So many choices. And yet... Photo: Sandra Mu/Getty Images
Add this to the list of our country's technological backwardness:
The rest of the western world has figured out how to dramatically reduce identity theft and credit card fraud.
We, however, still use magnetic stripes. Stripes that can be so easily cloned and copied.
And even though the credit card industry is rigorous about prosecuting fraud, they haven't taken the single, fairly simple, if admittedly not cheap, step to solving the problem.
It's cheap enough, however, for 80 other countries to have upgraded. Instead of magnetic stripes, which contain a single code for all time, smart cards are like one-time only pads that spies used to use. The smart card's microprocessor talks to the machine you're transacting with, verifies its identity, and then transmits an encrypted code that the outbound machine verifies. Humans don't see the digital intercourse. The transaction is secure.
Smartcard-ready retailers don't keep credit card numbers on file, or on mainframes waiting for cyberthieves to steal them. They keep transaction records instead.
Post Snowden, I imagine that Smartcard makers will want to make sure that there aren't any implants or software backdoors. That'll especially be true if we begin to use digital cards for non-consumer purposes, like health care.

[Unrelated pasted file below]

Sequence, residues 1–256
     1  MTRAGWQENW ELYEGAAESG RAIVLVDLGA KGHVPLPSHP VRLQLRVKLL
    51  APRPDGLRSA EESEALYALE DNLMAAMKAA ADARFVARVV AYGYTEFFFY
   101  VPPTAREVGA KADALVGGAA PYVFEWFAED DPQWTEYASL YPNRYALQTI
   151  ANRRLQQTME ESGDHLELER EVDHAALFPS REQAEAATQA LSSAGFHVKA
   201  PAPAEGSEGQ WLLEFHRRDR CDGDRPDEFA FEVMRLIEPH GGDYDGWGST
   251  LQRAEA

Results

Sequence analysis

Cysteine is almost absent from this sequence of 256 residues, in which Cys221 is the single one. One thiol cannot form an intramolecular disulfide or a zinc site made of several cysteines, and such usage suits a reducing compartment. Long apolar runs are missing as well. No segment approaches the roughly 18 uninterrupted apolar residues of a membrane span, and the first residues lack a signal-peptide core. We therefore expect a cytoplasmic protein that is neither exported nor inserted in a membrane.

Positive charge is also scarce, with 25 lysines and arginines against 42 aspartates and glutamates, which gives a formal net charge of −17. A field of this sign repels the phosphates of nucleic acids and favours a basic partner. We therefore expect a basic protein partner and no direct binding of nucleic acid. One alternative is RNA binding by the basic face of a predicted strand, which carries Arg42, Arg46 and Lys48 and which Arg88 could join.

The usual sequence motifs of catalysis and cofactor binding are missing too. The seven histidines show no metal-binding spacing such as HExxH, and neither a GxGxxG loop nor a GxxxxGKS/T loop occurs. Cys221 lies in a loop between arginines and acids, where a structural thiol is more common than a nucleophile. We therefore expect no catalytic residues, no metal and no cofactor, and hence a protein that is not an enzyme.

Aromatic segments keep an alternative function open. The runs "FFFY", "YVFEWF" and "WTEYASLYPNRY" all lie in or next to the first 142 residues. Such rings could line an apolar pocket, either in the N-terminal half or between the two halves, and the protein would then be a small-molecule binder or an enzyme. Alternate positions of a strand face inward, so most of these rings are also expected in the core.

According to various accounts, the credit card industry wants to phase in smart cards by 2015, but retailers are resisting the costs associated with the infrastructure change.
THE WEEK'S AUDIOPHILE PODCASTS: LISTEN SMARTER
- Who are the real gay marriage bigots?
- What the collapse of the Ming Dynasty can tell us about American decline
- Religious liberty should be a liberal value, too
- Watch The Daily Show mock Fox News' confused man-crush on Vladimir Putin
- What would a U.S.-Russia war look like?
- Why is American internet so slow?
- Don't worry: World War III will almost certainly never happen
- 22 TV shows to watch in 2014
- The Daily Show's Aasif Mandvi dismantles another ObamaCare myth
- The new bride who had a horrifying allergic reaction to her husband's sperm
Subscribe to the Week